On the other hand, what Nikola Stamenic brought to the water polo sport is a different perspective and understanding of sport itself. Very few coaches work according to the rules of science. He is the only one of the many coaches who has a technical university degree and who worked in his specialty. He is an engineer. This background has given him a special background for looking at water polo and analyzing individual skills. He pays attention to fundamentals because he knows he must have the best bricks for his building.
He is the best coach in the world when it comes to understanding and teaching individual fundamentals and individual tactics. There is an interesting anecdote which I read in one of the Stamenic’s interviews: Many years ago, when I was a young boy, I wanted to learn how to juggle three balls and I wanted to see how long it would take me to learn. So I got watch and three balls. I found it took me 35 minutes to be able to juggle.
A few years ago I wanted to prove a point to my players about skill learning. I told them about my little test and suggested an experiment. I proposed that all could learn to juggle in from 30 to 40 minutes of practice. Some wanted to quit in frustration after ten or twenty minutes but I encouraged them to continue. All became jugglers within the time frame.
What does this have to do with water polo? I believe that there is a threshold or a statistically provable amount of time required for athletes to learn the skills of a sport. Some skills might require a minimum of one hour, others might take one year - there are no shortcuts. The individual skills are the easiest to learn while team skills and tactics are more difficult. There must be a progression - a system - of one brick on top of the other. Time frames must be planned. You cannot build a fourth story of a building before the third.
Another interesting comparison was the Stamenic’s use of martial arts in the philosophy of water polo duels: At the national team level the players must have the fundamentals in place because we are working at the top of the building. But we are always looking to improve. About fifteen years ago, I was introduced to the Japanese martial art of Aikido. Aikido philosophy has influenced my life and coaching philosophy in many ways, but on this topic it is interesting that the highest level Dans (black belts) always spend time on the most basic techniques - ones that first day classes are taught. They do this because they understand that body position and basic movements are the keys to the most advanced movements and that no matter how many years they have practiced they have not perfected these basic techniques. Of course it looks perfect to you and me, but they know they are not perfect (the way a diver or gymnast knows a "l 0" does not mean perfection) and the Aikido philosophy is that "perfection" is an ideal concept that will never be reached. We are all human and can never be perfect but by constantly striving for perfection martial artists and water polo players and teams can become great. So sometimes we do some very fundamental things in practice, but only to show the importance to more advanced tactics and concepts.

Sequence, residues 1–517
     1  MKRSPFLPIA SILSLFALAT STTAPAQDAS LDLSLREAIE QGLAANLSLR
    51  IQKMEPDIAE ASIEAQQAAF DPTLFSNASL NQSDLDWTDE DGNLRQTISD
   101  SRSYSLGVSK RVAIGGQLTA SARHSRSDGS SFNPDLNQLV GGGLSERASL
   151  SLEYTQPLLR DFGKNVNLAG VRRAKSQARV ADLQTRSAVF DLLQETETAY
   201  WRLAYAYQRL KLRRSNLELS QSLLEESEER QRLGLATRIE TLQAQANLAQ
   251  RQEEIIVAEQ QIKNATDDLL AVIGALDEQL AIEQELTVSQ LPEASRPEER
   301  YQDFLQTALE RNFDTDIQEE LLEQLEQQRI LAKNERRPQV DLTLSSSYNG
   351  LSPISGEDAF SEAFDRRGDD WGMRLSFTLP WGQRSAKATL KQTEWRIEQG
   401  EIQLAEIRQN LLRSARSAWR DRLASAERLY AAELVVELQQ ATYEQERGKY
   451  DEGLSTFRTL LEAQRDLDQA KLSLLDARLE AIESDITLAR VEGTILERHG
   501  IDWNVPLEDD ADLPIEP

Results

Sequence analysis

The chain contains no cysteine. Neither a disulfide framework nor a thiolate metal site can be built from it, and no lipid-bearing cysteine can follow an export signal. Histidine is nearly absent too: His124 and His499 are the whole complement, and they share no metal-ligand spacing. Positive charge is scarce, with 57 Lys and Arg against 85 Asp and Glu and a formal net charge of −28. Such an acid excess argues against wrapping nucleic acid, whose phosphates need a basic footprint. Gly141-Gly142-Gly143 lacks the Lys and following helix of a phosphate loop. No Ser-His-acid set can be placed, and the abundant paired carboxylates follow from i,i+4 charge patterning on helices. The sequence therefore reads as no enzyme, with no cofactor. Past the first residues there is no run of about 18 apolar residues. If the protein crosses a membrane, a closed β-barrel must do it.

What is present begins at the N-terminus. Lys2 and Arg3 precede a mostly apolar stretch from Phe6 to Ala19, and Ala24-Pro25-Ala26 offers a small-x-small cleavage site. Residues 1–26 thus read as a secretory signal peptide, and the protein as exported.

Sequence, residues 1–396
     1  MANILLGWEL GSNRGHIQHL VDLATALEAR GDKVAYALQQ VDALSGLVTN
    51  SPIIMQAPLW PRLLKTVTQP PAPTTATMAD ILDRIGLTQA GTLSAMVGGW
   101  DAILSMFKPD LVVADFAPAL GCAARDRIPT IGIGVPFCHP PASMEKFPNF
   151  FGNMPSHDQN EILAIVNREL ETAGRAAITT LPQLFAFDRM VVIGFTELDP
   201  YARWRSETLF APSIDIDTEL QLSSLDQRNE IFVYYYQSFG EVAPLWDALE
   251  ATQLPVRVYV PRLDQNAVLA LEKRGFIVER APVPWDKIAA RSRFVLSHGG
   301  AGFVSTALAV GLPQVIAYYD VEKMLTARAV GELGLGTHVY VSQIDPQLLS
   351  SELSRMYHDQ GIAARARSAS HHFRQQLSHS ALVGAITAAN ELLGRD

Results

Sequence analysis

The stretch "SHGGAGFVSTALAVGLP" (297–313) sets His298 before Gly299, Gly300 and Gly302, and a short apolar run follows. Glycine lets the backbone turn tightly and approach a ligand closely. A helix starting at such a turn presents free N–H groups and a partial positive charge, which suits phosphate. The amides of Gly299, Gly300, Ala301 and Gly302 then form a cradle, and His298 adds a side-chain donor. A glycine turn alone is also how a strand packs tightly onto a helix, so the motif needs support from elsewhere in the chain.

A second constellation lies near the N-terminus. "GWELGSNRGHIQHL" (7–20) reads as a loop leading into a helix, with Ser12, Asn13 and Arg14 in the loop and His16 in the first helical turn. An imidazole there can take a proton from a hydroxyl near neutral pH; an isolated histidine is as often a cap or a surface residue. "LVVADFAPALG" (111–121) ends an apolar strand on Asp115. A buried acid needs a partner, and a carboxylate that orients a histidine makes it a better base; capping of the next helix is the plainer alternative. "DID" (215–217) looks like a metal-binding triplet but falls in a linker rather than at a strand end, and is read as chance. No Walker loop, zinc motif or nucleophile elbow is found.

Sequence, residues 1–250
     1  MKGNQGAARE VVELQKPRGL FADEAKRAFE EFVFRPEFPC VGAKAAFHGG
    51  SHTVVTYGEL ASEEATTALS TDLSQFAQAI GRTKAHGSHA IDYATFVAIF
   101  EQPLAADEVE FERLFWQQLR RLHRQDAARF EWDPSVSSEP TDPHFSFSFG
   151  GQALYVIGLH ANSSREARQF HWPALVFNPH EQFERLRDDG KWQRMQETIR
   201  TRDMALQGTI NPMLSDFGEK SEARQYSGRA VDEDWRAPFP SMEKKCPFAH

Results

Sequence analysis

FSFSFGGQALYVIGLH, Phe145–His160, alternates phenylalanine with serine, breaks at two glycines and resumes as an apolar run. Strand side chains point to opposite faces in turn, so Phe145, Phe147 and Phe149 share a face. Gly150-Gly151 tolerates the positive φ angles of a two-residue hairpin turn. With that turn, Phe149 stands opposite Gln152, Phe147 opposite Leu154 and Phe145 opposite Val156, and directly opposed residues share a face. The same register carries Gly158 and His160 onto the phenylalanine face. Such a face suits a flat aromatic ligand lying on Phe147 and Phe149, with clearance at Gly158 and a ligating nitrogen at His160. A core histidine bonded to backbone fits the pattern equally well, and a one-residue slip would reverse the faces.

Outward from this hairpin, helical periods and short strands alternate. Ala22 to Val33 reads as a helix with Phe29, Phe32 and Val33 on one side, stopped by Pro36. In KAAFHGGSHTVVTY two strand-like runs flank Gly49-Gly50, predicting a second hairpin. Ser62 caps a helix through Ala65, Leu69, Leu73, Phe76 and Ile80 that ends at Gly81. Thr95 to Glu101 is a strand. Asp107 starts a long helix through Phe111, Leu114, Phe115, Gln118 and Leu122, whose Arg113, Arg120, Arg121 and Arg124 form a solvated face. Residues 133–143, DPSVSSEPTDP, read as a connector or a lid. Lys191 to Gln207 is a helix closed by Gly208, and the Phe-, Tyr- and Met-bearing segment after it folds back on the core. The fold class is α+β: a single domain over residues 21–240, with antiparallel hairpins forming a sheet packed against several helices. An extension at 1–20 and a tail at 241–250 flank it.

Another thing about Aikido which has been very helpful to me as a coach is the way they use the strength of their opponent to their advantage. The principles are especially useful in water polo at the two meter position. It is very difficult to use force against force. But if the offensive player knows how to use the pressure and force of the defender to his advantage he will be a much better player. This knowledge, I believe, is essential and we show our players some basic Aikido to understand it. But Aikido also has given me knowledge of the points of contact. The Aikido defense against Yokomen strikes is very interesting. The Yokomen strike is a chop which is very similar to a pass or shot motion. When the strike is begun, the defender moves into the attacker and strikes his arm at the point of weakness. In water polo, the shot or pass can be blocked or disrupted. Defenders often go to block the ball when they should be blocking the arm which is easier to reach, being closer to the body. Try hitting the biceps or the elbow to prevent the pass.